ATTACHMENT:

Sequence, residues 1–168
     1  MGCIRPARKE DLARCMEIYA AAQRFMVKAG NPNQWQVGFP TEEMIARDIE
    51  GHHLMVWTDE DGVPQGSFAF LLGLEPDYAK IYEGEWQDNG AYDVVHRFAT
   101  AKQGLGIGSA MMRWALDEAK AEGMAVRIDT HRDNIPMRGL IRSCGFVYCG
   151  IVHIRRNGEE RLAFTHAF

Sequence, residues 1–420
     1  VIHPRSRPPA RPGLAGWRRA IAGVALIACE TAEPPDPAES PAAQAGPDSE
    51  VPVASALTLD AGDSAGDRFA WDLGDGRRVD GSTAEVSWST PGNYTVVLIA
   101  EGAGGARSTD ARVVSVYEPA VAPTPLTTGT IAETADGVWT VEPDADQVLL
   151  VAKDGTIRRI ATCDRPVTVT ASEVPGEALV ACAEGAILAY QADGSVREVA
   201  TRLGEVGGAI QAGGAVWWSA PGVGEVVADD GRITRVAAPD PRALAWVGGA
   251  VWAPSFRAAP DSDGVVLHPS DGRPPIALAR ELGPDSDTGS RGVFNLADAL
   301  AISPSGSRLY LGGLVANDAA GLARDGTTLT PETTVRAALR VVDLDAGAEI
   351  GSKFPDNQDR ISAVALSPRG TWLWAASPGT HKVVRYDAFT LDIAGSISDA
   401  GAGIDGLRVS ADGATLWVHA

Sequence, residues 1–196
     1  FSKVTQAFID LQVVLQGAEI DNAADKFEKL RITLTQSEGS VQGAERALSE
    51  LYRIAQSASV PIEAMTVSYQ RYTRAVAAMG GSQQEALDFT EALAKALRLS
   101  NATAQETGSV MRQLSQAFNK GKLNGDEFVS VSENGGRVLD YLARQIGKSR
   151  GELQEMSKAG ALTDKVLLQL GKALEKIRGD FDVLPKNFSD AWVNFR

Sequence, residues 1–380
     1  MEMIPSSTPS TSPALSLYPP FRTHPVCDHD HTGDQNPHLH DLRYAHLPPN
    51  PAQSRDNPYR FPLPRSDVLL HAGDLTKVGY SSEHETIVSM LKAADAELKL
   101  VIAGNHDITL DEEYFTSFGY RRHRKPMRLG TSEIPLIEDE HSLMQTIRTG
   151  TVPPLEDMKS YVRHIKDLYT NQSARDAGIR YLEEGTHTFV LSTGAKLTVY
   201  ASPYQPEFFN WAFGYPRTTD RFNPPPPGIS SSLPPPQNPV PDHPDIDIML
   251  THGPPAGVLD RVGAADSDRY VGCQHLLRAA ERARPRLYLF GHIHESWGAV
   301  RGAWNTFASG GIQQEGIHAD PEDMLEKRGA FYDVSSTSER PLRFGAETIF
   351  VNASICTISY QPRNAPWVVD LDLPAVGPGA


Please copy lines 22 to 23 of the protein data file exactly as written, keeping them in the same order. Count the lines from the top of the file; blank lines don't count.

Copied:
     1  MEMIPSSTPS TSPALSLYPP FRTHPVCDHD HTGDQNPHLH DLRYAHLPPN
    51  PAQSRDNPYR FPLPRSDVLL HAGDLTKVGY SSEHETIVSM LKAADAELKL